ACRO is a NPO that was created just after the Chernobyl disaster in 1986 and has been monitoring radioactivity in the environment for 25 years together with the concerned populations. It runs a laboratory with the highest scientific standards that is accredited by the French authorities. Its activity is complementary to the official monitoring because it is aimed to answer to the questions of the population.
ACRO was involved during several years in a project in the contaminated areas of Byelorussia to implement radioactivity measurement stations in villages and develop a culture of radioprotection. The European Union and the Swiss ministry of foreign affairs supported our contribution.
Afficher Environnement Japon sur une carte plus grande
After the nuclear disaster of Fukushima, ACRO has extended its Citizen Watch of Radioactivity in the Environment to Japan.
We have received samples from the Fukushima and Miyagi prefectures that show an alarming contamination.
• Soil and water were collected by Japanese citizens on the 31st of March 2011.
The contamination is very large and comparable to the environment of Chernobyl.
The Maeda field of Iitate-mura is the most contaminated place.
Iodine contamination is the largest and it is better to evacuate the population.
On the long time range, cesium 137 is the most worrying element because it has a half-life of 30 years.
Regarding the results expressed in Bq/kg of soil, most of them are higher than the limit fixed by the Japanese authorities at 5 000 Bq/kg for agriculture. Rice cannot be cultivated.
The data expressed in Bq/m² can be compared to the definition of the zones in Byelorussia after the Chernobyl disaster (law of 1991) :
185 000 – 555 000 Bq/m²: migration allowed
555 000 – 1 480 000 Bq/m²: right to rehousing
Most of the results are higher than one of these limits.
– Read the press release in French (11th of April 2011)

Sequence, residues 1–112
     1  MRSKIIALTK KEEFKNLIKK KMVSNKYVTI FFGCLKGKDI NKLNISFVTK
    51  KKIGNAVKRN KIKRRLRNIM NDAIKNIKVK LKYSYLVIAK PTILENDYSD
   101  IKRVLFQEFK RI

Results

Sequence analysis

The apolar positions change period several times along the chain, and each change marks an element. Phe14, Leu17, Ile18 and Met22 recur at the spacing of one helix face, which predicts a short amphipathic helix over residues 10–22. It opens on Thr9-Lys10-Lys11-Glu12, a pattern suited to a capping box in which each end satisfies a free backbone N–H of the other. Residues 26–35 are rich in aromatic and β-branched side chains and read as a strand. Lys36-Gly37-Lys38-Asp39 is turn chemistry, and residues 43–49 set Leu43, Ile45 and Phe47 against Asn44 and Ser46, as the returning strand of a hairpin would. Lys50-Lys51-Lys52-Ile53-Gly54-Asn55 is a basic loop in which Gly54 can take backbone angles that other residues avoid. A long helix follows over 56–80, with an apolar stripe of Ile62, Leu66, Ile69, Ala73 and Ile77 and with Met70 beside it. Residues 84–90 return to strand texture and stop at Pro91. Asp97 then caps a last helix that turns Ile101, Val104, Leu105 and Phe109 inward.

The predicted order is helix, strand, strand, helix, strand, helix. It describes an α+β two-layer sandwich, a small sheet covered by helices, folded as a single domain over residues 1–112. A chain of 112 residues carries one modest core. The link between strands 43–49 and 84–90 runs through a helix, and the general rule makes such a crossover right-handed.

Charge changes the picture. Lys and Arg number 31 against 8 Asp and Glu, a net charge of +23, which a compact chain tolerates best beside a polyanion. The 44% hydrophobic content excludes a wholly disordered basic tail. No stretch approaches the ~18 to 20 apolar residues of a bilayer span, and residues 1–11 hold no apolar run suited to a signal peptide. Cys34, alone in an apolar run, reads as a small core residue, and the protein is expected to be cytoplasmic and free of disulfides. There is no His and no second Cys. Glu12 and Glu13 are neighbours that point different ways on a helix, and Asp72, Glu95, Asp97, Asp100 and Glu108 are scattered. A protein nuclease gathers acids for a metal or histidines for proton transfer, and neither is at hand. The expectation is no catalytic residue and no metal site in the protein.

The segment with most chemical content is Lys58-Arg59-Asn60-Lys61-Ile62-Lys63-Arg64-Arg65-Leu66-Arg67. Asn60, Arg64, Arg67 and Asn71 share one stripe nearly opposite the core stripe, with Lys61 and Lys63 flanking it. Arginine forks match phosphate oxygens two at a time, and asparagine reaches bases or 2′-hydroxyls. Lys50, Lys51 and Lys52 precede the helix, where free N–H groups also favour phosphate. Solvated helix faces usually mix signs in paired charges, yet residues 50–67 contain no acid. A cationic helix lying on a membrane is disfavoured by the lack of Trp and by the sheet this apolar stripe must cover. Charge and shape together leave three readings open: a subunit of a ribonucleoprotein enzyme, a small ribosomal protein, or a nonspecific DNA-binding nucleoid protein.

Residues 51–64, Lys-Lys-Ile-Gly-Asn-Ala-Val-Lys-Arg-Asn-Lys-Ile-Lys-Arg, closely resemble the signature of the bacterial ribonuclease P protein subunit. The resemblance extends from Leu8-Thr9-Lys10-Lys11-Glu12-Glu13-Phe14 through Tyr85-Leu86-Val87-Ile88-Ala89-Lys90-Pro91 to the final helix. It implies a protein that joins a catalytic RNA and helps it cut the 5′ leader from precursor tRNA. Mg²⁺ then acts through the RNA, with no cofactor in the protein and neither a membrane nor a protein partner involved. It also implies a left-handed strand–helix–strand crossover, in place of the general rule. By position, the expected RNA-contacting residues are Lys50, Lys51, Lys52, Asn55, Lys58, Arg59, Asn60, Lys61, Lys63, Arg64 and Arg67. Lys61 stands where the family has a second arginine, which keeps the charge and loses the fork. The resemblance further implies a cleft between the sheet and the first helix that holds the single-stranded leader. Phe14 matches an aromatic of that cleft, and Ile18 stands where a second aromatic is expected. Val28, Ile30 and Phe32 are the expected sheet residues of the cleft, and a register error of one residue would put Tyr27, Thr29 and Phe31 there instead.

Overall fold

– Download the analysis report for the first samples
(Click on images to enlarge.)
FOOD PRODUCTS : ACRO’s RESULTS
The results show that the four samples collected in the Sendai area (80 km from Fukushima dai-ichi) are tainted with artificial radionuclides released from the crippled NPP.
Densities of cesium 137 measured in the vegetables (Chinese cabbage, komatsuna and tsubomina) are above the limits set by Japanese authorities (500 Bq/kg). These vegetables should not be eaten.
VEGETABLES BOUGHT IN A SUPERMARKET IN OSAKA: ACRO’s RESULTS
ANALYSIS OF THE SOIL IN VARIOUS LOCATIONS IN JAPAN (12-18th APRIL 2011) : ACRO’s RESULTS
ACRO has analyzed samples collected in various locations in Japan by Japanese citizens. Except for Kobe, all these samples are contaminated by numerous radioelements coming from the fallouts of Fukushima.
The large densities in the straw are due to the fact that straw is light: the same amount of pollution falling on a square meter gives a contamination per kilogram far larger with straw than with soil.
The previous analysis that we did on soil samples coming from Fukushima prefecture showed that iodine 131 was dominating. But this element has a quite short half-life (8 days) and disappears relatively quickly: the densities measured this time are lower than the ones for caesium.
The tellurium 129m decays into iodine 129 that has a very long half-life: 16 millions years. This element should be carefully monitored in the surrounding the nuclear power plant.
A mid-term, caesium 137 will be the most problematic element: the densities measured are all below the limit of 5 000 becquerels per kilogram fixed by the Japanese authorities for the culture of rice.
If we calculated the contamination of the caesium 137 in becquerels per square meters, all the values in Fukushima prefecture are higher that the limit of 185 000 becquerels per square meter that gives right to migration in Byelorussia.
The contamination in the Miyagi prefecture is also quite large, confirming the large contaminations of the vegetables that we measured in this prefecture.
SEAWATER COLLECTED ON THE 16th OF APRIL IN SOMA (FUKUSHIMA PREFECTURE) : ACRO’s RESULTS
Normally, one should not be able to measure any contamination of the seawater.
Radioelements found in Soma, located at more than 40 km to the North of the power plant, come from the Fukushima plant. This pollution has the properties to accumulate in the marine life.
For example, iodine densities in seaweeds can be 1 000 to 10 000 times larger in the seawater. This factor ranges from 10 to 100 in fish and shellfish. Caesium can be 10 to 400 times more concentrated, depending on the species.